Less could be more
What if I told you that you could achieve even greater with half the time spent working out each week. I’m not guaranteeing you could, nor am I trying to sell you something, but depending on a number of factors, you could actually be much better off spending 2.5 hours every week working out, as opposed to 5. Just think of what you could do with those extra 2.5 hours free each week. The trouble is your mind has been conditioned to think through these repeated blanket recommendations that 2.5 hours isn’t enough.
There’s no such thing as the best diet
Let’s take some nutritional recommendations for just a second. Everyone has different abilities to digest and process certain nutrients. What if you’re only digesting a small portion of the protein you’re consuming? Well the issue isn’t going to be resolved by having more protein, its going to be resolved by dealing with your digestion issues.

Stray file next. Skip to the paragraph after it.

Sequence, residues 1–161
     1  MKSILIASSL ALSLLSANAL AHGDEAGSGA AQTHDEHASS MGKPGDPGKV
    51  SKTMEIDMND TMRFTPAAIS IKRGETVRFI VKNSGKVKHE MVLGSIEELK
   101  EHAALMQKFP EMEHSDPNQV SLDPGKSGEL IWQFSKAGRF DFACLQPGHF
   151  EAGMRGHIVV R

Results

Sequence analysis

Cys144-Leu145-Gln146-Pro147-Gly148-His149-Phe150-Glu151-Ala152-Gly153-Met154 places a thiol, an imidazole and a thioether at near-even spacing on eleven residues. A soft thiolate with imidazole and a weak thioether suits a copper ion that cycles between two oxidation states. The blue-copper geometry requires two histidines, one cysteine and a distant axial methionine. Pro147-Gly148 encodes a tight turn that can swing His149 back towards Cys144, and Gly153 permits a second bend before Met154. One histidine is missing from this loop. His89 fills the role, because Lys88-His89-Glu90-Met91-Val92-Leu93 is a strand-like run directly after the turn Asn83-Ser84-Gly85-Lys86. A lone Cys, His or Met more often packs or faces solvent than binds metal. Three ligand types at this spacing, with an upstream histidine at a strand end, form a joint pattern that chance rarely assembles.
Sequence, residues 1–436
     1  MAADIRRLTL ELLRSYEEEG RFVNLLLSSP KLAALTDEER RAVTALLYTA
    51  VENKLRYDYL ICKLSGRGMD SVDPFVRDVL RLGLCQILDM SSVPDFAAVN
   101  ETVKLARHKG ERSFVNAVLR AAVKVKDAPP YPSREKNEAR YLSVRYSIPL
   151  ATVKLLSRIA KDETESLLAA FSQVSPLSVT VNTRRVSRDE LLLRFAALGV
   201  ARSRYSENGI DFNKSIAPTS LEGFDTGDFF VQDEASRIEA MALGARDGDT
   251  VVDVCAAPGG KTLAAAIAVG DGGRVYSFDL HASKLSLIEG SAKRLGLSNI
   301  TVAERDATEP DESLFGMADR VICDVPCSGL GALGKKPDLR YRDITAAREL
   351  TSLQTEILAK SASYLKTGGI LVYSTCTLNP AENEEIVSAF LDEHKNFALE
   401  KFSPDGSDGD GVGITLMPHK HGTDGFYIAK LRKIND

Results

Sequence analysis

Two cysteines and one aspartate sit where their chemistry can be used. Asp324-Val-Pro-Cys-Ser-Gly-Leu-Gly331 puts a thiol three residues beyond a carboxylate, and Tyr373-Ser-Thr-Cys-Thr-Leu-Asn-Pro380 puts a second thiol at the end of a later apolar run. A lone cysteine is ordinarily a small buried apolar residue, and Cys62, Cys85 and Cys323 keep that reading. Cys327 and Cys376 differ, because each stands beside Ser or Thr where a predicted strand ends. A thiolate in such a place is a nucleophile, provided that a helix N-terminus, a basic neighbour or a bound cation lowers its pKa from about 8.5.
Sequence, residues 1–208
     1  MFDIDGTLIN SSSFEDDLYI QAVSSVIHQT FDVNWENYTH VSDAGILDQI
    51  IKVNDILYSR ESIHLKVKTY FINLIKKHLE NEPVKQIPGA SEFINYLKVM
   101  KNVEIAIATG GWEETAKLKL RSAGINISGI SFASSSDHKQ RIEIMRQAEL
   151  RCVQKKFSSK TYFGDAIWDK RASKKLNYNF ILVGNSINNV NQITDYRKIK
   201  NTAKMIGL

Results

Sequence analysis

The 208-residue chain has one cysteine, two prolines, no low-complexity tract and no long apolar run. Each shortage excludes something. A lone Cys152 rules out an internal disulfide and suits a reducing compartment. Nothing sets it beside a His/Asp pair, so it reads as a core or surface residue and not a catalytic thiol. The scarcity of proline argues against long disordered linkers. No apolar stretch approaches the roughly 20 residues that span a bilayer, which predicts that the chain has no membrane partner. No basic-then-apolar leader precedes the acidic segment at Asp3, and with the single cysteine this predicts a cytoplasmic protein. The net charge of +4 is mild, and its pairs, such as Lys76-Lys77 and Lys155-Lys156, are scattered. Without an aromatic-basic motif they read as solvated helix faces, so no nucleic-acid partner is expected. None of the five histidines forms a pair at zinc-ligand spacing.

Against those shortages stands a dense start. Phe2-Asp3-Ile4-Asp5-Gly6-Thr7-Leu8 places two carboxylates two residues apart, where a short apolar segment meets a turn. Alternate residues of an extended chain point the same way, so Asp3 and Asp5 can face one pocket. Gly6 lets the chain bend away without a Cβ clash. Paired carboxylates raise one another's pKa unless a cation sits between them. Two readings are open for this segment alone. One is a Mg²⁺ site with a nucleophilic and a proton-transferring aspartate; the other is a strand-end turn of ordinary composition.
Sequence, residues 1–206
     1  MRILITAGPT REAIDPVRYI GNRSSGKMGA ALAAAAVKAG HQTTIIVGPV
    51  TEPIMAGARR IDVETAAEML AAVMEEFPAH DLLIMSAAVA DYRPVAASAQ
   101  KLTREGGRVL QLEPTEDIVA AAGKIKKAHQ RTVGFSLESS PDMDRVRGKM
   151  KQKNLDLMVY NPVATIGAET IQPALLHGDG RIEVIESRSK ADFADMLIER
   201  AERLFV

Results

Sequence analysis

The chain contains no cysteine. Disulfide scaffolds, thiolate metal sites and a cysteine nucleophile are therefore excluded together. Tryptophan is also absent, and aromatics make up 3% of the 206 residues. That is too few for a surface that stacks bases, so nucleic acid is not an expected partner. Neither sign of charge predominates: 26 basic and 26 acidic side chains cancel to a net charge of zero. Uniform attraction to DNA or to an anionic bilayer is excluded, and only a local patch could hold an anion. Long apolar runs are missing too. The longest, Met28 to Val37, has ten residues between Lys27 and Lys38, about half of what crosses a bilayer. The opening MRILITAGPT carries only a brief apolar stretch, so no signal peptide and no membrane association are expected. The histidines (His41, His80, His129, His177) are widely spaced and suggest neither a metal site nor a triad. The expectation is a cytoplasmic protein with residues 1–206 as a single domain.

Your carb intake is largely determined by how active you are during the day, how well you use carbs for fuel and how insulin sensitive you are. Genetics play a huge factor here too. So what good is a blanket recommendation going to do for you. If you have a family history of type 2 diabetes, tend to store fat around the iliac crest area (near the love handles), and tend to be inactive for most of the day apart from your gym time, these are all tell-tale signs you might want to think about controlling your carb intake for the best results. Just a few things to consider of many.